While the collection of honey and beeswax is thought to have been happening since roughly the beginning of mankind, the first known record of this is currently believed to be a cave painting from Spain. I will leave a link in the episode journals because there is no way I’m getting the pronunciation correct. 

However, we are talking about beekeeping, which is defined as keeping and caring for bees in an artificial dwelling, nest, hive, cavity, or structure. (And when I say cavity, I do not mean in the mouth. That sounds painful!) 

The first known documentation of beekeeping comes from Egypt during the first dynasty, about 3,100 BC. At that time, they used an artificial clay tube that resembled a log. They would stack these in the dirt and make a wall out of them. That sounds terrifying to me as I have a mild phobia of flying things with stingers. They were also luring bees to new hives by mimicking the queen. It is believed that the ancient Egyptians used smoke to work with their bees, but the modern smoker was not invented until 1873. 

(There is a personal story found only in the episode) 

There are many documented cases of people covering or placing things over their heads when handling bees. However, the beekeeping suits we know today were invented in 16th century Europe, but many experienced beekeepers will forgo the suit instead of working off instinct and reading the bees. That basically means they have mastered interpreting bee body language and know when a hive is aggressive or docile. There are other beekeepers that believe working without a suit is foolishness. 

Throughout history, there have been many types of man-made bee hives, everything from upside-down wicker baskets to today’s box hives. This part can be as simple or creative as you wish to make it. 

I had always believed you stick the bees somewhere safe and return when it is time to get the honey. I was wrong. Beekeepers provide food by planting bee-friendly gardens and have bee-watering stations. They watch out for and protect their hives from things that could hurt them, such as some species of wasps, parasites, predators like bears, and more. They also make sure that hives do not become queenless hives. Queenless hives will die. Modern beekeepers must watch out for pesticides that could kill the bees. 

Beekeeping is not something learned overnight. It would be trial and error over years to learn how to bee keep without some form of help. Whether it is someone who knows what they are doing or a wealth of information you can learn from, such as the internet.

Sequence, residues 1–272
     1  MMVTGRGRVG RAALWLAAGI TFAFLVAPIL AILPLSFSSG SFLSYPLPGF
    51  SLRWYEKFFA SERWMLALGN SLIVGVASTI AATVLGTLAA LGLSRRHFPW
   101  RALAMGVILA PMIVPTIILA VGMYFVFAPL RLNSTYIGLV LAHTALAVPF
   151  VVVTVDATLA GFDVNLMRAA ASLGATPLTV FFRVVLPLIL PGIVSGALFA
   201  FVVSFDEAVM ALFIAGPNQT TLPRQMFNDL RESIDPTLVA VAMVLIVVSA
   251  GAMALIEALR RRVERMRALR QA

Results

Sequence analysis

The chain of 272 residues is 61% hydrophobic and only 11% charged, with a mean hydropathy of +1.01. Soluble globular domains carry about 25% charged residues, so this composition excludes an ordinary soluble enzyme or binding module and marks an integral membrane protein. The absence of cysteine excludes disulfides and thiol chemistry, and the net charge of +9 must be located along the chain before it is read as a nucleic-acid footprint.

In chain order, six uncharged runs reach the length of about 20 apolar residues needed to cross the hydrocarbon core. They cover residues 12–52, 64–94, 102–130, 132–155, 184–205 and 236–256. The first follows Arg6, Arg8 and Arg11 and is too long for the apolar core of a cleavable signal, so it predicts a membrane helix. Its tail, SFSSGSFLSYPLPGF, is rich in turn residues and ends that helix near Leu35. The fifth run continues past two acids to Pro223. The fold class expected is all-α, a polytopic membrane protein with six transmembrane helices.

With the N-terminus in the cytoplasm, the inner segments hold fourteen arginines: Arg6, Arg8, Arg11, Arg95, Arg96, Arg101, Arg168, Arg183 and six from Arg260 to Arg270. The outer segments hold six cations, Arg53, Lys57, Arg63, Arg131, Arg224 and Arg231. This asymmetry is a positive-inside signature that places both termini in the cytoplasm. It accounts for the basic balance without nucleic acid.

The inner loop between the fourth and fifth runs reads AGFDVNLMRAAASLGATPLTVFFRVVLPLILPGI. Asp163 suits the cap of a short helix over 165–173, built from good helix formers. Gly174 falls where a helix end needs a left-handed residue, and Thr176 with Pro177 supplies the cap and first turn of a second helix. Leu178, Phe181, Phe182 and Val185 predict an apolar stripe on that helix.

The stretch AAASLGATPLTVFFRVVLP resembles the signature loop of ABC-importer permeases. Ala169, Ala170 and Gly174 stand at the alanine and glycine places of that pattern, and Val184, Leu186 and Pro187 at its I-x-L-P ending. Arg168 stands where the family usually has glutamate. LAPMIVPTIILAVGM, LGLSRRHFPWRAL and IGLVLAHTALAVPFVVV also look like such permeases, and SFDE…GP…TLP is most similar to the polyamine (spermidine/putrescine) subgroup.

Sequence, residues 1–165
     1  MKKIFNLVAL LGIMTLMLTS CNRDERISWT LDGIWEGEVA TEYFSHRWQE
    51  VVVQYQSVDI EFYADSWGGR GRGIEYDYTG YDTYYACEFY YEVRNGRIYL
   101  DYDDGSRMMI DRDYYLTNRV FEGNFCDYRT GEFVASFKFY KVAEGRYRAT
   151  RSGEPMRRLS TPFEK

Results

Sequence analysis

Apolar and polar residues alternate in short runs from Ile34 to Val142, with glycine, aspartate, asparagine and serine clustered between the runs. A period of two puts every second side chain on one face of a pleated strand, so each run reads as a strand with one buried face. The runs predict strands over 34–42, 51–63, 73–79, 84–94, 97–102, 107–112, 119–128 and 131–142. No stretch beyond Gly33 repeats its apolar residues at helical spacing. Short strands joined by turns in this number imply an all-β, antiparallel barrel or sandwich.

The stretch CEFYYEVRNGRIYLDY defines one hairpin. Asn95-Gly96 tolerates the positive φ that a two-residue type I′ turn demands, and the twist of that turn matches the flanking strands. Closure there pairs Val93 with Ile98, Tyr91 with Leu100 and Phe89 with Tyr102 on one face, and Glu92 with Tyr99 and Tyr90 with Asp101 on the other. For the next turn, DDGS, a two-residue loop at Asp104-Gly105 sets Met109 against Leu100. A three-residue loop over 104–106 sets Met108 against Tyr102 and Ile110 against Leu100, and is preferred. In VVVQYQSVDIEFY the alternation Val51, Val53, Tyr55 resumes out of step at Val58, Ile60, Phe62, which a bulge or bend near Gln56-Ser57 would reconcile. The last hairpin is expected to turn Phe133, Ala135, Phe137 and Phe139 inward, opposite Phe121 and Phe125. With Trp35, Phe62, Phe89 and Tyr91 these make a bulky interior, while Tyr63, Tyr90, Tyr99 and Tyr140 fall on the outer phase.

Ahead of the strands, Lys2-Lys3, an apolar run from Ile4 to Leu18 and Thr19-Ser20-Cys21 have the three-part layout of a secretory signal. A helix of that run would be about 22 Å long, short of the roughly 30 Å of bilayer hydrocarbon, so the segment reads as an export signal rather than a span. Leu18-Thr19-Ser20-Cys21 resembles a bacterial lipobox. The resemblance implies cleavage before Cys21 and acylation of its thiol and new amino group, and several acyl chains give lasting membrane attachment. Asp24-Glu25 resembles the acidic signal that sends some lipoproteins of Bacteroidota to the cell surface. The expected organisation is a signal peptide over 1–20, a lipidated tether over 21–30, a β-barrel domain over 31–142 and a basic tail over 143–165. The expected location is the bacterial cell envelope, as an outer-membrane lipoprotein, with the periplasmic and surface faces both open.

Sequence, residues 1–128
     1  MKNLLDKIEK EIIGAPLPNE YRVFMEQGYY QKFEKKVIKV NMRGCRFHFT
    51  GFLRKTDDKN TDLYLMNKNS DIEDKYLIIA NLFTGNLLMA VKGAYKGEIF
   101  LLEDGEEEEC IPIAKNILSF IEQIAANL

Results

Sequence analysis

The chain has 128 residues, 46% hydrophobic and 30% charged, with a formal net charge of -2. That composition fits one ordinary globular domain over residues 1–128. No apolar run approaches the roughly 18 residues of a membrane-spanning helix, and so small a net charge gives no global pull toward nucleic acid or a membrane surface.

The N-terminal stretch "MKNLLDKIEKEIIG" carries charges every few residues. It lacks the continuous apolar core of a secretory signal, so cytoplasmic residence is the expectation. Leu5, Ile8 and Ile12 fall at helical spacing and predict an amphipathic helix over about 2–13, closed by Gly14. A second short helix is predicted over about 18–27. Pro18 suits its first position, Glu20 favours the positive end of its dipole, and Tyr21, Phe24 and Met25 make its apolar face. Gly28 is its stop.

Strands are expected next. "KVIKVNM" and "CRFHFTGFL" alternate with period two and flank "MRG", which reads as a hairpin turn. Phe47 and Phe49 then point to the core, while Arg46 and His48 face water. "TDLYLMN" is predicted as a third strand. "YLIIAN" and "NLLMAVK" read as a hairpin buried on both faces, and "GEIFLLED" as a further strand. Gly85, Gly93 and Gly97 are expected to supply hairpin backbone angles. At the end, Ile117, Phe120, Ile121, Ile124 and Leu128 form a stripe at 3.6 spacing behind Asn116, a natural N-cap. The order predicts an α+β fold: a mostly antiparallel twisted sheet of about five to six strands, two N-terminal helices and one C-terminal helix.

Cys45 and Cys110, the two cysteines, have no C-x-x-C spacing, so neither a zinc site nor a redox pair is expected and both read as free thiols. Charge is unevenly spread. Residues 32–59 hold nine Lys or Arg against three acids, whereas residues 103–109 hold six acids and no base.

Fun fact: Today, we have a twofer. Did you know that a third of the food we eat today is because of honey bee pollination? And that it takes roughly two million flower trips to make one pound of honey? 

What could possibly go wrong? 

Likely to go wrong: 

 Your character is likely to get stung. 

Likely to go wrong: 

There are many beginner mistakes, like checking the hive too often, not checking it enough, taking too much honey so the hive starves in the winter, and many, many more. 

Possible to go wrong: 

 Your character gets stung and has an allergic reaction. This can be anything from swelling to itching to anaphylactic shock and they die because they can’t breathe.

Possible to go wrong:  

 Your character could come face to face with bears or other animals that want to eat the honey.

Unlikely to go wrong: 

The bees could swarm  your character’s home if they missed the bees preparing to swarm. They might find the queen decided to move into your home. There are many instances of bees making a colony inside walls or ceilings because they had access from the outside. 

Unlikely to go wrong: 

There could be human honey robbers. While it is less likely your character will be robbed from the hive in modern times, honey and beeswax are valuable commodities. 

Improbable but technically still in the realm of possibilities:

They could swarm you, like a scene from Alfred Hitchcock’s: The Birds, but with stinging bees. If for some reason, they believed your character was a threat to the hive, the bees could swarm you. This is definitely something to think about using in a possible post-apocalyptic book, as killer bees have been known to sting until a person or animal stops moving and have chased people and animals over a mile swarming them after they got too close to a hive. 

Helpful Links to Learn More:

History of Beekeeping:


Beekeeping for Beginners: